We have received significant interest from those looking to serve on the Citizen Advisory Committee (CAC) planned as a component of the urban renewal process outlined in the memorandum to City Council submitted on September 24, 2013.  The CAC will provide an opportunity for the Worcester Redevelopment Authority (WRA) to solicit public expertise on various concepts and approaches in between the formal public meetings held as part of the public process.  The CAC is advisory but its comments and discussions will inform the thinking of the WRA and its staff as they explore the role of urban renewal in addressing the issues and alternatives facing the Downtown and the urban renewal area in particular.
 
As Chief Executive Officer of the WRA, I will be appointing the members of the CAC to ensure a cross-section of real estate, finance, legal, and community input.  To the extent possible, we will look for individuals familiar with urban planning and development or with a direct connection to the Downtown.   
 
While membership on the CAC will be limited, if anyone is interested in serving on the CAC he or she should send a letter of interest and a resume to Jane Bresnahan at bresnahanj@worcesterma.gov.  We will be appointing individuals by December.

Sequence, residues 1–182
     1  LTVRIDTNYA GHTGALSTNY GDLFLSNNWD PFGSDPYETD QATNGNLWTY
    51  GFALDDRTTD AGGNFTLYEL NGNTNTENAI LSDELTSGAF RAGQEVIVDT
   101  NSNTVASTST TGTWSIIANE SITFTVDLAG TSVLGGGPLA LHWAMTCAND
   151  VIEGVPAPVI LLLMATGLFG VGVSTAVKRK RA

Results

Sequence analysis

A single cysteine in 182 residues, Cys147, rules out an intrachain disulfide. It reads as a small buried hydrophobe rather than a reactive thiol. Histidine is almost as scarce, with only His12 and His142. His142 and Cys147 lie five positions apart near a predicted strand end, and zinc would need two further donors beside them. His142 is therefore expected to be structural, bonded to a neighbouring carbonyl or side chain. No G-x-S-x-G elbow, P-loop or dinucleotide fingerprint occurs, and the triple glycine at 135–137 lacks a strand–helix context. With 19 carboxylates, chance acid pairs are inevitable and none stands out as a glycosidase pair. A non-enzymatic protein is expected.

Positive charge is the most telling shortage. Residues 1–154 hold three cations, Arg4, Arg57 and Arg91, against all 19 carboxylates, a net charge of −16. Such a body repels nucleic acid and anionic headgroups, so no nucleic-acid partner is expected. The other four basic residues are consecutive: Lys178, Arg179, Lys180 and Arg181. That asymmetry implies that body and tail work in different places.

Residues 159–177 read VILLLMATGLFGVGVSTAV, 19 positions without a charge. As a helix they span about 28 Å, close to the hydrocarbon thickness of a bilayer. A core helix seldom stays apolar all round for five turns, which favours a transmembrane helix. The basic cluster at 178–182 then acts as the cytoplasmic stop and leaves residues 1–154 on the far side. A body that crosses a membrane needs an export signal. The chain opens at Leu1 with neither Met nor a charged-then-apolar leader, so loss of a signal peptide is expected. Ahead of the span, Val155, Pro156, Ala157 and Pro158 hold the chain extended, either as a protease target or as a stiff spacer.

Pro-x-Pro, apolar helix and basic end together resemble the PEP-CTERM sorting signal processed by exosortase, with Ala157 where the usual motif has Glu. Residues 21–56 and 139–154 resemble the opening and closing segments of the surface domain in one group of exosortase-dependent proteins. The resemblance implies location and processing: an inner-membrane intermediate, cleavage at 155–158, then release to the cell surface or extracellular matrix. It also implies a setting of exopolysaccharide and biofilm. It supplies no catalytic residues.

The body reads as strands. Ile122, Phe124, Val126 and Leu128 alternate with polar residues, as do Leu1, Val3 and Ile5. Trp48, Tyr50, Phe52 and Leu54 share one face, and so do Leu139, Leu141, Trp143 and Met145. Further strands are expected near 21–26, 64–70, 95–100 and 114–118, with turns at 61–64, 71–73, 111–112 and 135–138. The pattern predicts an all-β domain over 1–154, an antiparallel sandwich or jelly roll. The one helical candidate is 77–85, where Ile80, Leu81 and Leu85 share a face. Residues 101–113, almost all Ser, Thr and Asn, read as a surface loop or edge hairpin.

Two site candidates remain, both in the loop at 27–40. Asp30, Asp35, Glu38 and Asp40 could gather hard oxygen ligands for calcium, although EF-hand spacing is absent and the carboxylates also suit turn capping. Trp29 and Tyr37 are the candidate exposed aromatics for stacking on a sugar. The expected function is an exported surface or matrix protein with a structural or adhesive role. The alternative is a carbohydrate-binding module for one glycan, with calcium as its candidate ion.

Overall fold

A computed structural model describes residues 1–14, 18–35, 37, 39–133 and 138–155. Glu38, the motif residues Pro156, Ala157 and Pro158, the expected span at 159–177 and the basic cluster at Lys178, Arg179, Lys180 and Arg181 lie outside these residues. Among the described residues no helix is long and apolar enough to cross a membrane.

Only the little people follow the panhandling ordinance

Rick Rushton, quoted in the T&G article [$] “Rushton: Panhandling in Worcester has gotten even worse” (September 19, 2012):

“I’m even thinking about proposing an ordinance to ban solicitation of any type on street corners.”

Rick Rushton campaign standout, Newton Square, October 3, 2013:

 Mayor Joe Petty, quoted by WBZ, July 27, 2012:

“I’ve just seen it grow. Almost every square here in the City of Worcester, we’re seeing panhandlers.”

Mayor Joe Petty, standout at Park and Salisbury, September 28, 2013:

petty_solicitation

Rick Rushton, quoted in GoLocal Worcester, June 27, 2012:

“This city has so many panhandlers.  It’s clear when a women on the corner of Park and Salisbury Street is driving away in her car and they’re getting dropped off in vans.  There’s something wrong here.”

Isn’t there, though?

In Worcester, it’s perfectly ok to pass an ordinance that few elected officials bothered to read.

In Worcester, it’s perfectly ok to ask me for something worth $4-5 (that is, my vote) at the intersection of Park and Salisbury Street, near a bus stop, and then drive away in your car.

But woe betide the hungry person who asks another for assistance.

I would say “For shame”, but obviously many members of the City Council feel none.